The organic, fibrous form of the prototype led Dezeen readers to compare it to “a dinosaur head made of spaghetti” and “a giant spider cave“.

Protohouse 2.0 takes the same approach, with plastic material deposited only where it is needed. “You’re aiming to use the smallest amount of material to achieve the strongest structure,” Retsin explained. And if you push that through to the extreme  you get something that is extremely fibrous and extremely thin.” …

Read more.

Dezeen ProtoHouse 2 by Softkill Design 2

Dezeen ProtoHouse by Softkill Design 1

Every Thursday is #3dthursday here at Adafruit! The DIY 3D printing community has passion and dedication for making solid objects from digital models. Recently, we have noticed electronics projects integrated with 3D printed enclosures, brackets, and sculptures, so each Thursday we celebrate and highlight these bold pioneers!

Have you considered building a 3D project around an Arduino or other microcontroller? How about printing a bracket to mount your Raspberry Pi to the back of your HD monitor? And don’t forget the countless LED projects that are possible when you are modeling your projects in 3D!

The Adafruit Learning System has dozens of great tools to get you well on your way to creating incredible works of engineering, interactive art, and design with your 3D printer! If you’ve made a cool project that combines 3D printing and electronics, be sure to let us know, and we’ll feature it here!

Make a robot friend with Adafruit’s CRICKIT – A Creative Robotics & Interactive Construction Kit. It’s an add-on to our popular Circuit Playground Express, FEATHER and other platforms to make and program robots with CircuitPython, MakeCode, and Arduino. Start controlling motors, servos, solenoids. You also get signal pins, capacitive touch sensors, a NeoPixel driver and amplified speaker output. It complements & extends your boards so you can still use all the goodies on the microcontroller, now you have a robotics playground as well.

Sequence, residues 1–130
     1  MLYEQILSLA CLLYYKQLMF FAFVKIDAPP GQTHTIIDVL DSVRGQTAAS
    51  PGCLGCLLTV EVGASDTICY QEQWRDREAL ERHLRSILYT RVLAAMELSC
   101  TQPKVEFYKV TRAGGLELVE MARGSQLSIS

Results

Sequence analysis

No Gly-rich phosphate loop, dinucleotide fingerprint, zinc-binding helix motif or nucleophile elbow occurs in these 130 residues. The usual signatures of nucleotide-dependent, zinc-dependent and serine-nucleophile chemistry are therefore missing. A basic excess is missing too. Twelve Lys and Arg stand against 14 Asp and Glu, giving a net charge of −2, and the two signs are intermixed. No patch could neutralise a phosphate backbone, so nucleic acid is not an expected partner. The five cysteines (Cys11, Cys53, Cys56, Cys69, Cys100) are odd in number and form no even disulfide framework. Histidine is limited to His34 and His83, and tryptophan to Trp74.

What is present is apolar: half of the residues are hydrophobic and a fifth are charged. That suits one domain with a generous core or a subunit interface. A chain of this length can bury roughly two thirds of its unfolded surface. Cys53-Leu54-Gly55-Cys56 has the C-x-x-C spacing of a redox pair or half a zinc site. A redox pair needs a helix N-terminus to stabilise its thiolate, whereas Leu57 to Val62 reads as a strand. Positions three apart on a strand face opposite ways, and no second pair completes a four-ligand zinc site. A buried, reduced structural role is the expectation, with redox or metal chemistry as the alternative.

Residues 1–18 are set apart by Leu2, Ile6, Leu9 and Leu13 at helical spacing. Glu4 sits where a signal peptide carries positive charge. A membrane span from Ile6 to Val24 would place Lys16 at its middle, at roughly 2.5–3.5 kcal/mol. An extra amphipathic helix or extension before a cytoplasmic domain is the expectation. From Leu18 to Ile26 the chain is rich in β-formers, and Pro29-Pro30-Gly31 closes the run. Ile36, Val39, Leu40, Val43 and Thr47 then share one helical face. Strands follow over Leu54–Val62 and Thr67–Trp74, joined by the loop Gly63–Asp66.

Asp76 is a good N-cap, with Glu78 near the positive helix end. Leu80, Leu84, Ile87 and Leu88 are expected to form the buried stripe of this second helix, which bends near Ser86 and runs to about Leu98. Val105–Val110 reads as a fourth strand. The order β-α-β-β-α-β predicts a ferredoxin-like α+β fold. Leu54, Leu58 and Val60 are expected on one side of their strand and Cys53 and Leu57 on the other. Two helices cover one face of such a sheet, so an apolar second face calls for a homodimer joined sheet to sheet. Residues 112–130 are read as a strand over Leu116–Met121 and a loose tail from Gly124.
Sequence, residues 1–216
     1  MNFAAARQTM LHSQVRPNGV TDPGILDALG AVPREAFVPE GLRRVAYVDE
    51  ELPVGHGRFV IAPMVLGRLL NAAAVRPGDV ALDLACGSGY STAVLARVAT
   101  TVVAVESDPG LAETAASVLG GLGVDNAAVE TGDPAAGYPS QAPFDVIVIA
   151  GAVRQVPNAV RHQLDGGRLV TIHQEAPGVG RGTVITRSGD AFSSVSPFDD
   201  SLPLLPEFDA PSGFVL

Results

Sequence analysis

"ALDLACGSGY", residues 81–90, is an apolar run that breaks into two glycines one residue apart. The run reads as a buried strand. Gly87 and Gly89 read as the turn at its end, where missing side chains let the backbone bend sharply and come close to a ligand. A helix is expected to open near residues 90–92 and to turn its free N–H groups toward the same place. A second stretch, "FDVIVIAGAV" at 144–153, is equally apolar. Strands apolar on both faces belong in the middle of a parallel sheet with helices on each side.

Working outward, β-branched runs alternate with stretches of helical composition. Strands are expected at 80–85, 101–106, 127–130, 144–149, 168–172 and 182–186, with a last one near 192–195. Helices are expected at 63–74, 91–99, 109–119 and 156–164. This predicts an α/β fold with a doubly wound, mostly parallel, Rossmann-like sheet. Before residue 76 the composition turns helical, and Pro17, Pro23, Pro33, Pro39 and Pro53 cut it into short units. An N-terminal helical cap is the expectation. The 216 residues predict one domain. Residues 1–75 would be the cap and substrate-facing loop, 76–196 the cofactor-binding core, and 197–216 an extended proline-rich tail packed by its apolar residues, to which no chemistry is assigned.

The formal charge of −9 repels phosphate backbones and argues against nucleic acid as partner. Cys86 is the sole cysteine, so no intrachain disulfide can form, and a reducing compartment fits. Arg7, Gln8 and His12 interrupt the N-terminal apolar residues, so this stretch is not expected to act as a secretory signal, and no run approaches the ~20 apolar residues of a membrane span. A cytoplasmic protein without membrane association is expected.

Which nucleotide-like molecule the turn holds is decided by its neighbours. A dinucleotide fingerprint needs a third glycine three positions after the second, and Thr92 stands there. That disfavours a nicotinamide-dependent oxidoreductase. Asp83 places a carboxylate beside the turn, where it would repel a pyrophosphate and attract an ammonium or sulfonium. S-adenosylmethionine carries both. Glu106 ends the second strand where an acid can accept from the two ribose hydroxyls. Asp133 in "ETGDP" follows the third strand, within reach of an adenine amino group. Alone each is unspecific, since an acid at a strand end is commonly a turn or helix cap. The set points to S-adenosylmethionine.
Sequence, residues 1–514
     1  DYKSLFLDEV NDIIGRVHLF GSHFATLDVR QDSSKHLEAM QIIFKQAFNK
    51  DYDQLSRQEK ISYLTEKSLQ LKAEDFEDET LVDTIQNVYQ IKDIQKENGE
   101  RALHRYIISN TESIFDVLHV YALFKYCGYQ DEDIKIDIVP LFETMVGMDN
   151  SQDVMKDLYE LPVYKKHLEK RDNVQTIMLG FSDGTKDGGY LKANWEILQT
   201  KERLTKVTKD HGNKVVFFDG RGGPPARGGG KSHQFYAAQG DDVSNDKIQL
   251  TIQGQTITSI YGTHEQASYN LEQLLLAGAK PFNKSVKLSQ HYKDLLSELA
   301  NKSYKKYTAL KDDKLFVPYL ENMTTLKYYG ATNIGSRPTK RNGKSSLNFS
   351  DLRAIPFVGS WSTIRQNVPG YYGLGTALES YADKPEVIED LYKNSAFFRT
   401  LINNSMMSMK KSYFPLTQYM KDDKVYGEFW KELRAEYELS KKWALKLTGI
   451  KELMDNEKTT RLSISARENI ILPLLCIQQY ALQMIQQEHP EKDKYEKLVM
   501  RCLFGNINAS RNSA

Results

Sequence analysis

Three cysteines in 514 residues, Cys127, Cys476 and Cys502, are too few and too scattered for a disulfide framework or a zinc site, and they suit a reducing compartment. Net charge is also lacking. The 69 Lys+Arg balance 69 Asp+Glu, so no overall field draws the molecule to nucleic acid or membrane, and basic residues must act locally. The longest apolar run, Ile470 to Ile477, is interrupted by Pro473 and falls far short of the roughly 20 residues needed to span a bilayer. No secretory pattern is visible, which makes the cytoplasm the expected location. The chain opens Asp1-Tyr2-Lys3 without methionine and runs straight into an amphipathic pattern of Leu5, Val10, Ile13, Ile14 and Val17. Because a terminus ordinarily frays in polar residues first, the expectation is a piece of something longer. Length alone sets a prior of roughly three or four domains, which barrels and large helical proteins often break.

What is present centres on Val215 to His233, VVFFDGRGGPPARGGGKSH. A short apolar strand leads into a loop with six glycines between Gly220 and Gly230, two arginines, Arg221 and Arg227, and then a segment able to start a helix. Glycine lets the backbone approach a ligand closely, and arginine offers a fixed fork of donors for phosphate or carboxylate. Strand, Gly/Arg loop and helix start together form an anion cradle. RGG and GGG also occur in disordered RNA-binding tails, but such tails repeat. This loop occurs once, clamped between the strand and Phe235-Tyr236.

Join 7,500+ makers on Adafruit’s Discord channels and be part of the community! http://adafru.it/discord

CircuitPython in 2018 – Python on Microcontrollers is here!

Have an amazing project to share? Join the SHOW-AND-TELL every Wednesday night at 7:30pm ET on Google+ Hangouts.

Join us every Wednesday night at 8pm ET for Ask an Engineer!

Follow Adafruit on Instagram for top secret new products, behinds the scenes and more https://www.instagram.com/adafruit/

Maker Business — Fewer startups, and other collateral damage from the 2018 tariffs

Wearables — Light as a Worbla feather

Electronics — How to make your own magnetic field probe!

Biohacking — The State of DNA Analysis in Three Mindmaps

Python for Microcontrollers — One year of CircuitPython weeklies!

Get the only spam-free daily newsletter about wearables, running a "maker business", electronic tips and more! Subscribe at AdafruitDaily.com !

No Comments

No comments yet.

Sorry, the comment form is closed at this time.